The Uniform Environmental Covenants Act (UECA) program in West Virginia came into existence on July 2, 2008, West Virginia Code §22-17. UECA was developed to allow risk-based closure of contaminated sites. These sites are likely to have land use covenants (LUCs) associated with the property following closure of the site by the West Virginia Department of Environmental Protection (WVDEP). LUCs, such as restricting the property to exclude residences or prohibiting groundwater wells are a common practice for contaminated sites using human health and ecological risk-based closure. West Virginia had no standard procedure for attaching LUCs to property deeds. UECA will provide a standard practice (hence-Uniform) for covenants placed upon the property. Additionally, there is a provision for the property owner to conduct inspections of the property on a regular basis to monitor compliance with the LUCs and report those inspections to the WVDEP after site characterization, remedial design and implementation of the remedial measures have been completed. There is a provision to discontinue the inspections, if it is determined that the inspections are no longer necessary to protect human health and ecological receptors.
UECA is very similar to the West Virginia Voluntary Remediation Program (VRP) administered by the WVDEP. The VRP became effective on July 1, 1997. The VRP also allows for closure of contaminated sites using risk-based technology and has been successful in redevelopment of numerous contaminated properties that otherwise would not have been remediated or redeveloped. Below is a comparison of major components of the VRP and UECA requirements.
· Under the VRP, successful closure of the site results in a Certificate of Completion (COC) for all potential historical environmental impacts that can be identified at the site and thus results in screening for an expanded analytical parameter list. The COC is a legal document that limits the ability of the regulatory agencies from re-opening of the site for regulatory enforcement.
· Requires an application fee and reimbursement costs for DEP employee’s time and expenses associated with the project.
· Requires a signing of a Voluntary Remediation Agreement (VRA) and use of a Licensed Remediation Specialist to manage the project. Detailed risk assessment in accordance with USEPA protocols must be performed.
· Requires extensive QA/QC and laboratory data validation.
· Under UECA, successful closure results in a No Further Action at this time (NFA) for specific environmental impacts associated with an identified environmental release such as a Leaking Underground Storage Tank (LUST) site. This generally results in a limited analytical parameter list. The NFA would allow the regulatory agency to re-open the site, if environmental conditions warrant and does not provide the broader protection of the COC.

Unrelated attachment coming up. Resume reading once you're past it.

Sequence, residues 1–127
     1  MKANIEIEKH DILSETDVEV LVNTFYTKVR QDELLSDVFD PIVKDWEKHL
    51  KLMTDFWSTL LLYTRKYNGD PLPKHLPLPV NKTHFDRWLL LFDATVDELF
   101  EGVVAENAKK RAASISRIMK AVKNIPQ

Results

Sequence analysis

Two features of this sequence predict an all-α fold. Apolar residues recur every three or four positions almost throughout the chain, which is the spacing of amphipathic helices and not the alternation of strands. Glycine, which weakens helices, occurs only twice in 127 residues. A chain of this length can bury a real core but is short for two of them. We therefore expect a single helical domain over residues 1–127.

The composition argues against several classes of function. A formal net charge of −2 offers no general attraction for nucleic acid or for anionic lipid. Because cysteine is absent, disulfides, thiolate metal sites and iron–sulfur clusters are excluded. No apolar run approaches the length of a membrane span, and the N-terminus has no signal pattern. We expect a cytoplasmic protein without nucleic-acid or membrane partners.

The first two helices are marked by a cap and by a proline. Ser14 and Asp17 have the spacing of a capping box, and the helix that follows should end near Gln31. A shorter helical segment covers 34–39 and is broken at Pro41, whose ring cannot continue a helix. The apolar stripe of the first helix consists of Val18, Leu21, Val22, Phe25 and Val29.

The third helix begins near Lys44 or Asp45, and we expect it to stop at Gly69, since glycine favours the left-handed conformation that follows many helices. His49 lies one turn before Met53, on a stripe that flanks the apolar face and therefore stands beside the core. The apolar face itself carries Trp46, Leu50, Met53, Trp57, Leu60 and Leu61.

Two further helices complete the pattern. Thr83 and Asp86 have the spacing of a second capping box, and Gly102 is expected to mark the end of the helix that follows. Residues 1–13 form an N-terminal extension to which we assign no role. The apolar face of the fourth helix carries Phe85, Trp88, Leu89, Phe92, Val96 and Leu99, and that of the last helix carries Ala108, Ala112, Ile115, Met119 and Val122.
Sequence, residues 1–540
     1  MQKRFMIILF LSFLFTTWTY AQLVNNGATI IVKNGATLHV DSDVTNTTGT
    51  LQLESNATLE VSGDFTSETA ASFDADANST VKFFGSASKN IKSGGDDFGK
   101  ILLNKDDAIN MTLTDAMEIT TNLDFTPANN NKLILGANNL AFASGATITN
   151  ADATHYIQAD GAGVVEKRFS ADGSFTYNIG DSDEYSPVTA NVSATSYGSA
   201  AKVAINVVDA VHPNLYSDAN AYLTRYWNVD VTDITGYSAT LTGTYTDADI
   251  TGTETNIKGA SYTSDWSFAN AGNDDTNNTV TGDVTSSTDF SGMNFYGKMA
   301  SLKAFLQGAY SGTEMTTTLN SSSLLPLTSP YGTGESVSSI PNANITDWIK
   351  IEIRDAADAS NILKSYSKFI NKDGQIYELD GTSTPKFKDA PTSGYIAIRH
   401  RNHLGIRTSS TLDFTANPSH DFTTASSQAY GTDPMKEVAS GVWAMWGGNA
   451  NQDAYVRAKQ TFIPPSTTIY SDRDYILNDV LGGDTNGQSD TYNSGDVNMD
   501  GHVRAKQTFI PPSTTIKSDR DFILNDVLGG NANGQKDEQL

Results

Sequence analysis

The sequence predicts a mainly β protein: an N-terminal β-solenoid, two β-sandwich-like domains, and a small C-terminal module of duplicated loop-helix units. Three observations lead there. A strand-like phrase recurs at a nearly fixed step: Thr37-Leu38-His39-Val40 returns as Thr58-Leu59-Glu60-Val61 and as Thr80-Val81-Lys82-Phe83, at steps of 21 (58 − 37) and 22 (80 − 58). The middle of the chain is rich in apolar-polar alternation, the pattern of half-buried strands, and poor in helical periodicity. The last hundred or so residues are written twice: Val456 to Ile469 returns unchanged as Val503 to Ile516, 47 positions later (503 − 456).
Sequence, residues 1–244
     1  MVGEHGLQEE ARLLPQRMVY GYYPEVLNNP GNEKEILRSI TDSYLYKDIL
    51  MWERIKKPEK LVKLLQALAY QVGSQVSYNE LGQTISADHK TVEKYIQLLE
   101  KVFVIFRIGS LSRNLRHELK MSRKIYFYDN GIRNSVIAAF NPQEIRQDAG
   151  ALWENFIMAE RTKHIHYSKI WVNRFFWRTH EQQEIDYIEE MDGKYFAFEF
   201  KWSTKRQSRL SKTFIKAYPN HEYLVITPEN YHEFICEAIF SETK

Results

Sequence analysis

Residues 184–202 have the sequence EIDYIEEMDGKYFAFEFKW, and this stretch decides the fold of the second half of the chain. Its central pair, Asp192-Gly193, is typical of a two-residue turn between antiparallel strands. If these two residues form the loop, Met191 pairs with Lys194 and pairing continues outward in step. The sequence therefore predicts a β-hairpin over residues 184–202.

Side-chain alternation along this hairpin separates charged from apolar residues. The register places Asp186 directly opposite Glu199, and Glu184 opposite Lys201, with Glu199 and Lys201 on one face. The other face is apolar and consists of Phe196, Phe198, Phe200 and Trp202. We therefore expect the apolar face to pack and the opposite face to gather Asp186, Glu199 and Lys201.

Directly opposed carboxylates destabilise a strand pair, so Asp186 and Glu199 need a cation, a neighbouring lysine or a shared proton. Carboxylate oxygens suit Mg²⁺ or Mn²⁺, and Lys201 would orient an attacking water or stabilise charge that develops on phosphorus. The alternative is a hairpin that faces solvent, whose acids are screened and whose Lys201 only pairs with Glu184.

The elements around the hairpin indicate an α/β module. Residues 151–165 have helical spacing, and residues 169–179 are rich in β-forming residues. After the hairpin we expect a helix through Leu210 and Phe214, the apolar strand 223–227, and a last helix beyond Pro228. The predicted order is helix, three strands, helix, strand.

· Requires reimbursement costs for DEP employee’s time and expenses associated with the project. There is no initial application fee, as is the case with the VRP.
· Requires signing of an Agreement For Investigation And Remediation Activities Under W.VA. Code §22-17 & §22-22B (UECA Agreement) and use of a Licensed Remediation Specialist to manage the project. Detailed risk assessment in accordance with USEPA protocols must be performed. (same as VRP)
· Requires extensive QA/QC and laboratory data validation. (same as VRP)
The UECA program is currently being developed by the WVDEP. The UECA Agreement became available for use in August 2009. The UECA Agreement and the Uniform Environmental Covenant Act are available through the WVDEP website at www.wvdep.org.
At this time, no site has officially entered the UECA program, with a signed UECA Agreement. This program will provide another tool to effectively remediate contaminated sites. Each contaminated site must be evaluated for its own characteristics to determine if it would be more cost effective or logistical to use UECA, the VRP, or remediate to conventional numerical clean-up standards, which was often the only option, prior to existence of the VRP and UECA. Such factors as spreading costs over time, problems with off-site impacts that may affect neighboring properties, future land use, cost of remedial alternatives and liability issues are just a few of the considerations when determining which program may best fit your situation.
This article was authored by William Chambers, Acacia Environmental Group LLC. For more information on the author see here.